Venezuela Just Swore in Its First Transgender Legislator

By becoming a member of the country's National Assembly, Tamara Adrián just made history. But what will she do next?


When the new legislators of Venezuela’s now-dominant opposition were sworn in to the National Assembly on Tuesday, Jan. 5, they took their new positions with the understanding that they were headed into a fight. Swept to power amid the greatest public backlash against the party of now-deceased leader Hugo Chávez, the loose coalition of opposition candidates ran on promises of salvaging the country’s cratering economy, freeing political prisoners, and even ousting current President Nicolás Maduro. But amid the crowd of crusaders preparing for what might be a historic fight to bend the country away from the policies of Chavismo, one is more superlative than the rest: Tamara Adrián was elected as the country’s — and in fact one of Latin America’s — first transgender politician. And she’s set her sights on the country’s homophobic and transphobic culture and the legal framework that backs it up.

“We have so much to do,” she said in a December interview, just 10 days after her victory, as she fielded calls from supporters and new constituents seeking favors. “The first order of business is to pass an Amnesty and Political Reconciliation Law that would free political prisoners. And then we have to work on economic measures.” But high on her list is settling a long battle with the country’s Supreme Court that would allow her — and other transgender people — to legally change her name and gender because she transitioned to living as a woman. “The court has delayed on deciding whether to hear my case for years,” Adrián said. “They have ignored me and my suit. Now, I will have a voice in deciding whether they stay on.”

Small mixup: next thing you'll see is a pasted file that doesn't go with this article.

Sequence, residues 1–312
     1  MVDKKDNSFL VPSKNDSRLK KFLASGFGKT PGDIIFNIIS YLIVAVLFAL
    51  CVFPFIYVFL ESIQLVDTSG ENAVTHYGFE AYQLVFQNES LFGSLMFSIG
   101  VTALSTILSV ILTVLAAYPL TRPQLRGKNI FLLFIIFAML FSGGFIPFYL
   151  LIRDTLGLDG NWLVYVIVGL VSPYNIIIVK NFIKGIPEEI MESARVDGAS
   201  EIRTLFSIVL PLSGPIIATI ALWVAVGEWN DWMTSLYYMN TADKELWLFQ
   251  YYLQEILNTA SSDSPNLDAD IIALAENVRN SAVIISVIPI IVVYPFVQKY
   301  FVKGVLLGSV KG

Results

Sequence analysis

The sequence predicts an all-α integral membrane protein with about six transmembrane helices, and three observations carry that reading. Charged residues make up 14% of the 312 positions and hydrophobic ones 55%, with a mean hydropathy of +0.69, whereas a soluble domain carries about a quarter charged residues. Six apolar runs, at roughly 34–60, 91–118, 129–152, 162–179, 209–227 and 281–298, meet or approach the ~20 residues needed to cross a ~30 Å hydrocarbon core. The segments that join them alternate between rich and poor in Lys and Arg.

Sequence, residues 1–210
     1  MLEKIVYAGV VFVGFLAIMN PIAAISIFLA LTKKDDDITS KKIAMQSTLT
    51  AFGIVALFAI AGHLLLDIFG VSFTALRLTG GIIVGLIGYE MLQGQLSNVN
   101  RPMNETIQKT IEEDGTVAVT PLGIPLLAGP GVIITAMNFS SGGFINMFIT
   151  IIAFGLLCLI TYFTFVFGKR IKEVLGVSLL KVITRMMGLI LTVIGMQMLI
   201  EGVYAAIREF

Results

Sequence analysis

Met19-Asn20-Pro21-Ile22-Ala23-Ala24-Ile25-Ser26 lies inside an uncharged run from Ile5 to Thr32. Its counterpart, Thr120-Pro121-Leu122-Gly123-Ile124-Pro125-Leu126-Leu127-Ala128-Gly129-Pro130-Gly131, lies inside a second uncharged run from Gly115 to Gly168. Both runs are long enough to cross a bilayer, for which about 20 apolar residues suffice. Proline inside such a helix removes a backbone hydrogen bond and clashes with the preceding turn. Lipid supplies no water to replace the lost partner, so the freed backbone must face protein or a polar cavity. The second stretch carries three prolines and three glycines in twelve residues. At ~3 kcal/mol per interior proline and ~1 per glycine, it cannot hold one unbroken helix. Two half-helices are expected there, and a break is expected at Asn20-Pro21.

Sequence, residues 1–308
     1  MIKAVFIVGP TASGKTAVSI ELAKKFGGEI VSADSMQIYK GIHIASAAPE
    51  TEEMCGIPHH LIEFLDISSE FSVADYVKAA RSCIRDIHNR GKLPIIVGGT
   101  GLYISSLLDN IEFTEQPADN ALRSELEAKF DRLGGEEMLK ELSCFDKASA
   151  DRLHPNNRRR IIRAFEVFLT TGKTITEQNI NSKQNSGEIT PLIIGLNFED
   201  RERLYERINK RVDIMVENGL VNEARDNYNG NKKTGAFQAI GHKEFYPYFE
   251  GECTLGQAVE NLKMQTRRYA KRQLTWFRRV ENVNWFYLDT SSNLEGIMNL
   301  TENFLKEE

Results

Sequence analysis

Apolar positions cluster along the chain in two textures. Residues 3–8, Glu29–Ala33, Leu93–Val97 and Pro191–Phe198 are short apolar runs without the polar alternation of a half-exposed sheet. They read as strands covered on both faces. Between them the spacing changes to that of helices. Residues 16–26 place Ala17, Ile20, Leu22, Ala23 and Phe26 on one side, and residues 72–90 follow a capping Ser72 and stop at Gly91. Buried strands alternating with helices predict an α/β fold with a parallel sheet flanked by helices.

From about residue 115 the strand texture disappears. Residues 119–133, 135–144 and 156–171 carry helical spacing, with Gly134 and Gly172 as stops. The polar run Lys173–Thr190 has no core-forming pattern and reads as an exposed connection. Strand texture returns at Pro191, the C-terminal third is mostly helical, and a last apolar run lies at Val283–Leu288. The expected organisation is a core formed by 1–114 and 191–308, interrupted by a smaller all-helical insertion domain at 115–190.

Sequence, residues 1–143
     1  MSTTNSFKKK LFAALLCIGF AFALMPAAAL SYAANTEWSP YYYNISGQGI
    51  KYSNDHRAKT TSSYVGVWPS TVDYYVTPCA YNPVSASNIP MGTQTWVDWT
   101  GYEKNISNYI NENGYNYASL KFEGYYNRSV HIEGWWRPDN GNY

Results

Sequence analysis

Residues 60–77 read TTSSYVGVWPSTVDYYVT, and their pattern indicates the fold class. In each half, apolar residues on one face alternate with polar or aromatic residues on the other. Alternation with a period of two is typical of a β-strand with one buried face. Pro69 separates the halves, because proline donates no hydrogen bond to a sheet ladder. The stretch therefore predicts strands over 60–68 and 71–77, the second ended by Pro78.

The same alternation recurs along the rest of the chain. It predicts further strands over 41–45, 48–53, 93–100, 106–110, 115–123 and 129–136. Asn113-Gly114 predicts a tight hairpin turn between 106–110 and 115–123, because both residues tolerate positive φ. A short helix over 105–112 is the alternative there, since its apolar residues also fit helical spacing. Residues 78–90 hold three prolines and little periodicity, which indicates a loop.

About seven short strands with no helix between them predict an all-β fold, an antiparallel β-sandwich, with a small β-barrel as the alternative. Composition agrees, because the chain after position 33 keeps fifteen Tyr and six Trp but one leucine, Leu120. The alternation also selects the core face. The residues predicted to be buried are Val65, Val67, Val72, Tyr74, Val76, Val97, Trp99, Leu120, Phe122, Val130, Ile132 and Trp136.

Given that Venezuela is still a country rife with homophobia — and her plans to use her new position as alternate deputy for Caracas, the country’s capital, to fight that and gain equal rights for the country’s LGBT community — Adrián’s win was a stark surprise. Her victory raises the question: Does this mean that Venezuela is becoming a more tolerant country? Or was this a fluke?

Although support for same-sex marriage and equal rights has been steadily gaining ground in Latin America, Venezuela has lagged behind other Latin countries. Argentina led the way, legalizing same-sex marriage in 2010. Brazil and Uruguay did the same in 2013. A 2012 report by the local Diverlex group — an LGBT rights NGO — found that 92 percent of the 237 LGBT Venezuelans interviewed had reported discrimination or violence because of their sexual identity. Many said they would leave the country because of that discrimination if offered the opportunity. About half of Venezuelans say that homosexuality should be accepted according to a 2013 Pew Research Center survey, putting it behind Argentina (74 percent are for acceptance), Brazil (60 percent), and Mexico (61 percent).